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This is an old Scottish folk song. Why does it sound so sad, even though it is in a major key, and doesn't use any of the typical tricks songwriters use to make major keys sound sad (i.e. IV-iv-I)?

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  • I count 5.5 bars of major, 4.5 bars of minor chords, so not a huge difference. And it doesn't particularly sound 'sad' to me. Sad sounding is pretty subjective. And, words will always have a bearing on feelings in a song.
    – Tim
    Commented May 16 at 8:56
  • What does it sound to you Tim? Commented May 16 at 9:08
  • Just another Celtic folk song, telling a story.
    – Tim
    Commented May 16 at 10:19
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    Does this answer your question? How does James Bay's song Let it Go sound sad in a Major key? Commented May 16 at 11:33
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    The real answer is that the idea that “major keys sound happy” is completely unfounded. Same with “minor keys sound sad”. Commented May 16 at 12:14

2 Answers 2

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I'd say it balances between sadness, but with a sense of pride and acceptance of bad fortune, as well.

Melodically and harmonically, I find it ingenious. The first stanza is very much 1/4/5 and the melody establishes the key centre rather strongly - with a rather martial feel (as fits the subject matter).

However, the next phrase starts firmly in the relative minor - a mixture of 6, 2 and 3 minor chords (which are the 1/4/5 of the relative minor). There is no real modulation, just bang, straight into it - then back to major but the phrase extended, and leaving us hanging on a four chord - before getting back to the original major key centre with a phrase of unexpected length.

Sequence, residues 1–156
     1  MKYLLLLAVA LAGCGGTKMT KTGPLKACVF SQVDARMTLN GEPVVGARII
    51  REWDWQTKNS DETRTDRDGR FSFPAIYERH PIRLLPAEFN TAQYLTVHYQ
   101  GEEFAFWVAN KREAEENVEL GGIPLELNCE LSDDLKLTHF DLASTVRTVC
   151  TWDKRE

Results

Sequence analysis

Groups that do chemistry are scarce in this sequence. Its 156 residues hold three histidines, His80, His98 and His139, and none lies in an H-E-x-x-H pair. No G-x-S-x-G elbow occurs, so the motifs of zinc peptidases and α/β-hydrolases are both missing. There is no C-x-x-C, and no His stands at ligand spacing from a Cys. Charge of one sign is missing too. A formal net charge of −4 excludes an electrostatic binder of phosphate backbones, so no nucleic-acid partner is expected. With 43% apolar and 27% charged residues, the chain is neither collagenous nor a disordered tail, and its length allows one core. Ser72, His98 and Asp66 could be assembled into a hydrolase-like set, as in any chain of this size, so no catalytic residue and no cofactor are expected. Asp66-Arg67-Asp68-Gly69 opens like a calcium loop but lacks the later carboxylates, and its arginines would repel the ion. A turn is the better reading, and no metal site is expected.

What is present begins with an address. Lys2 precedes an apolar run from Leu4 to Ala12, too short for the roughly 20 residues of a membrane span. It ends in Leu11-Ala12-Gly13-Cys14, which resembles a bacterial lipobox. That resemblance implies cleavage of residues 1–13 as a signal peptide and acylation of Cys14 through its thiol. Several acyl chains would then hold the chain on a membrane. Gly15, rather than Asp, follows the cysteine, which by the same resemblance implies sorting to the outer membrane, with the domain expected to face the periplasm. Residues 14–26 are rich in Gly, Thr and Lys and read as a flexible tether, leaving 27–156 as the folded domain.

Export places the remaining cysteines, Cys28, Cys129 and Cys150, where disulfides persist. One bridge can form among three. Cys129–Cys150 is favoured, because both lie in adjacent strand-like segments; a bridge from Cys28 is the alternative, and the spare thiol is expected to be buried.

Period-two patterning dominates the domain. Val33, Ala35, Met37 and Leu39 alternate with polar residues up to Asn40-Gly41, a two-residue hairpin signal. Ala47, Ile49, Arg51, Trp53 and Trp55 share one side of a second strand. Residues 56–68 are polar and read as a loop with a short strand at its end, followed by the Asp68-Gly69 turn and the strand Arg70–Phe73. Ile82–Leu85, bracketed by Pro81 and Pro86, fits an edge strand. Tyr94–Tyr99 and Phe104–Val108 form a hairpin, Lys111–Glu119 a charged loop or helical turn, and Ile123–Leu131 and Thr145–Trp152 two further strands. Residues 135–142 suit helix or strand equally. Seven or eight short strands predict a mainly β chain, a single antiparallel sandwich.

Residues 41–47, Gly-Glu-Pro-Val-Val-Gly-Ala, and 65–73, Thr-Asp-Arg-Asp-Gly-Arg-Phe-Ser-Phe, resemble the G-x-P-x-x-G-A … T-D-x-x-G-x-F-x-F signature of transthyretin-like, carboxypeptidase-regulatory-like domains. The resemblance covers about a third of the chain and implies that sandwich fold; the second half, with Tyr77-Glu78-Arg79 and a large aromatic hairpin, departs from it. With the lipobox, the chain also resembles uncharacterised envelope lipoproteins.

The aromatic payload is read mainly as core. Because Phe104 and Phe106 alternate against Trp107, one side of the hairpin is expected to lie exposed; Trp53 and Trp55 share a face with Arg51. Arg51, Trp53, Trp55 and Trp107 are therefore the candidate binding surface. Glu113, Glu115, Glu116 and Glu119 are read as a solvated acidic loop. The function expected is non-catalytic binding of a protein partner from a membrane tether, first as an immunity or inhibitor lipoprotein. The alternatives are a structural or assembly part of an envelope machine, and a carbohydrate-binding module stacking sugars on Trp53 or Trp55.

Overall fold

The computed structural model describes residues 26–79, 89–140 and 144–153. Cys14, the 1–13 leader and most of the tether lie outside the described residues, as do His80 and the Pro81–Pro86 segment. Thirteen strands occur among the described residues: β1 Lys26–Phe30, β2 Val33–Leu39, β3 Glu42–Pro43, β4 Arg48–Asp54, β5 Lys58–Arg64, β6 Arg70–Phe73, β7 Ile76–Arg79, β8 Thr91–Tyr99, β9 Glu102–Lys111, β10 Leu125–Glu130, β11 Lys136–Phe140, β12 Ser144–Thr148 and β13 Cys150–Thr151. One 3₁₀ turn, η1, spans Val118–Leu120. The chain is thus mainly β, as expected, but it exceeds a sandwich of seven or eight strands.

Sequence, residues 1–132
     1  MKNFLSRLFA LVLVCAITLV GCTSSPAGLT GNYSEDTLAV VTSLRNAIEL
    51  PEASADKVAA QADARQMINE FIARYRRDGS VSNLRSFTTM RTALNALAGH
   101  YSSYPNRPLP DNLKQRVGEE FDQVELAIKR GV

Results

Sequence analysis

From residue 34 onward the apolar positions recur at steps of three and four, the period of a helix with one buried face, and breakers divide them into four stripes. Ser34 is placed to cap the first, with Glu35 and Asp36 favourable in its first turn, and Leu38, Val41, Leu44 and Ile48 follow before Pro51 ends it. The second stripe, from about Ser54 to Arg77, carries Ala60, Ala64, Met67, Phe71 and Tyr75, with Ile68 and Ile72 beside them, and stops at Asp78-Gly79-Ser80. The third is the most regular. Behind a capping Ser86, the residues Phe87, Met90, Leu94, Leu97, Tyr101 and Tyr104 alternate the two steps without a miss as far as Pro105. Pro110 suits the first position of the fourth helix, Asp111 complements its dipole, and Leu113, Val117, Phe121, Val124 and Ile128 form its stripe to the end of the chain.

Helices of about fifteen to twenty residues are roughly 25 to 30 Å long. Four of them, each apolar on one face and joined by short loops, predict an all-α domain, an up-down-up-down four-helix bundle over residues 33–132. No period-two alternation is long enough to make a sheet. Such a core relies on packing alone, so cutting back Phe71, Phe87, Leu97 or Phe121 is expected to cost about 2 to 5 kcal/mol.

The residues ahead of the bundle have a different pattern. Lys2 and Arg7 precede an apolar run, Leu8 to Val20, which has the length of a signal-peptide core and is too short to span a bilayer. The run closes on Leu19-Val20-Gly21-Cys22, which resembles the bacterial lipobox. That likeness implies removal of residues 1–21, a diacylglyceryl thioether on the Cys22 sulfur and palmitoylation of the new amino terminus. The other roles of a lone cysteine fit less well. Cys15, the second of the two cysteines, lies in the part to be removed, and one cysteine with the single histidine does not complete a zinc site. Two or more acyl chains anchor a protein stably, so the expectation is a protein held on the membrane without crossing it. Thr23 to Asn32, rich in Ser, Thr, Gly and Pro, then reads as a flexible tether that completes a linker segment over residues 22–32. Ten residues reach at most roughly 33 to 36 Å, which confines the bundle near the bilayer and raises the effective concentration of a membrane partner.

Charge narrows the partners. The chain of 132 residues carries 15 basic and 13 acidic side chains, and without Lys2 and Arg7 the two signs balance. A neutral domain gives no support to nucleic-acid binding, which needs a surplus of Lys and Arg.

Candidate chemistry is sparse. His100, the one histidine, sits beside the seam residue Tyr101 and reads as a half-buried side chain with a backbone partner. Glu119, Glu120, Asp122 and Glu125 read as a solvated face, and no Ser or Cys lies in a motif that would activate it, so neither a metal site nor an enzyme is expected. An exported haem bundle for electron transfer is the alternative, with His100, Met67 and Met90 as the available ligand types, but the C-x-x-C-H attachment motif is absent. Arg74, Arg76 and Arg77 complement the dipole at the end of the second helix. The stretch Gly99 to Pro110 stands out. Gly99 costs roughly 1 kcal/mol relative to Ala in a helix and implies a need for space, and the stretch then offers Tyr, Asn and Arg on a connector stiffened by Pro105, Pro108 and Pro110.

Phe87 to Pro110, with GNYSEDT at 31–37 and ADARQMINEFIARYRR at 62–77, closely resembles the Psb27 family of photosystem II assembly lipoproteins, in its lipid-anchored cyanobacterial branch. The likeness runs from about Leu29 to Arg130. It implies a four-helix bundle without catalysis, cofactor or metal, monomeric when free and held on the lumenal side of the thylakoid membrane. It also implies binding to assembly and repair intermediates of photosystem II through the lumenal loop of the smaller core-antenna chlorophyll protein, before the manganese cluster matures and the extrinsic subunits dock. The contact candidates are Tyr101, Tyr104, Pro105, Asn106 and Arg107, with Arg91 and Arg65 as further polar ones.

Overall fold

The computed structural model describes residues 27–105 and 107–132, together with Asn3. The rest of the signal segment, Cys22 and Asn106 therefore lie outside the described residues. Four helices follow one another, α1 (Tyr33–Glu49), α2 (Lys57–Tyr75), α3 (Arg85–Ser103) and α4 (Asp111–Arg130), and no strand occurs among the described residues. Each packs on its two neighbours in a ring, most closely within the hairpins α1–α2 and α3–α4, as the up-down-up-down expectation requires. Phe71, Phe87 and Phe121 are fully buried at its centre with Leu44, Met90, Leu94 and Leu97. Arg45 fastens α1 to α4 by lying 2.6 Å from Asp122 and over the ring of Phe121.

So although the song is basically in major key, the melody and harmony produce a sense of shifting between major and minor, or a certain unexpectedness (from the uneven phrase lengths and "hanging" false cadence), suggesting military resolve sent awry by events, and also a reaction to those events.

I enjoy these types of songs, which create emotional depth without resorting to harmonic complexity, using only the major scale notes but still managing to create richness. Good stuff.

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  • I think "Major keys sound martial." is older and more correct than "Major keys sound happy."
    – Theodore
    Commented May 17 at 14:44
  • ...and don't forget the influence of tempo and rhythm!
    – Theodore
    Commented May 17 at 14:46
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Because key and emotion are two things that have little to do with each other.

Consider these two songs:

I Dreamed a Dream, from Les Misérables,

and Le rossignol anglais, by Hugues Aufray. (In case you don't understand the lyrics, the singer is asking his lady friend to let him stay the night in her bed.)

The heartbreaking lament is in major key; the merry racy song is firmly in minor.

This is not incredibly uncommon. There may be a slight correlation between key and emotion, but it's so small that it's much closer to the truth to say there's none at all than to pretend that "major songs are happy and minor songs are sad". Not to mention that there are more than two emotions that can be expressed in a song.

And as mentioned in the comments, a large part of expressing oneself in a song is the lyrics. Just compare The Wearing of the Green with The Orange and the Green.

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